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'Star Trek' Prop Galileo Sells For $61,000

Last-minute bidding pushes up final price

Private collector purchases the shuttlecraft Galileo

A decaying prop from the original "Star Trek" in serious need of some TLC now has a new owner after selling at auction over the weekend for $61,000.

The shuttlecraft Galileo, an exterior prop used in classic "Trek" episodes like "The Galileo Seven," sold during an online auction hosted by Kiko Auctions in Ohio over the weekend.

The winning bid was reportedly submitted by Adam Schneider, a principal at the British professional services company Deloitte, who is also a private collector of Star Trek used ship-filming miniatures. The auction price includes an Internet premium that pushes they final payout to just over $70,000.

Schneider was part of the original Galileo Restoration team that had originally planned to raise money for the purchase and restoration. However, some of that team dismantled ahead of the auction following the departure of the Star Trek fan group International Federation of Trekkers, as well as Star Trek production legends Doug Drexler and Michael Okuda. When Drexler left the group, he said he would work with the auction winner to help with the restoration of the prop.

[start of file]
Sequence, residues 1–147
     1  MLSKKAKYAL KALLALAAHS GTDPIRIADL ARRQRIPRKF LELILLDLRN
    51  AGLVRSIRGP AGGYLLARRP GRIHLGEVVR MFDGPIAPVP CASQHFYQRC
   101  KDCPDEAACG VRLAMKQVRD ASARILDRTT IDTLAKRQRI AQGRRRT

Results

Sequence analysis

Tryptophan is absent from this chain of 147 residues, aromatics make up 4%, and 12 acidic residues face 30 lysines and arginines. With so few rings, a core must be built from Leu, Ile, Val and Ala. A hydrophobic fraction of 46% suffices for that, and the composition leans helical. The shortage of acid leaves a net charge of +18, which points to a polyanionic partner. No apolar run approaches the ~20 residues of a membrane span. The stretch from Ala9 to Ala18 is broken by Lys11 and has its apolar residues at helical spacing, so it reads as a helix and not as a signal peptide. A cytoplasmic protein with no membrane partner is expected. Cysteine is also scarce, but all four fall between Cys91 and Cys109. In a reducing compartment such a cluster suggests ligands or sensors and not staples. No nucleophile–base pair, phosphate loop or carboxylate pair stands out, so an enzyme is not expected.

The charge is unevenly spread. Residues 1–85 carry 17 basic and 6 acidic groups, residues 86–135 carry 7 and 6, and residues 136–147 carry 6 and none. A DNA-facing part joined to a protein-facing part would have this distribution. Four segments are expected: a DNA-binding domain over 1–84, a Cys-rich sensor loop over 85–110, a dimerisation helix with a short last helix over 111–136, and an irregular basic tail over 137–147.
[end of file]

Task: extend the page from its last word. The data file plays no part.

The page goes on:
Following the departures, Propworx owner Alec Peters, who was working with the original purchase team, said the group would no longer raise money for the purchase, and instead use their own funds. However, the restoration efforts are expected to be quite expensive, and Schneider and Peters say they will reach out to fans in the near future to help fund the restoration.

In exchange, the group has promised, through its website, to restore the shuttlecraft, tour it for the 50th anniversary of Star Trek in 2016, and find a permanent museum home for the prop.

The sale is a windfall for Lynne Miller, the Ohio Star Trek fan who bought the prop in the 1980s for $3,000. While Miller had started restoration work on the prop (including the replacement of its interior wood frame), more recent photos had the prop in extremely bad shape likely from years of outdoor storage.



Related Topics: Star Trek: The Original Series 

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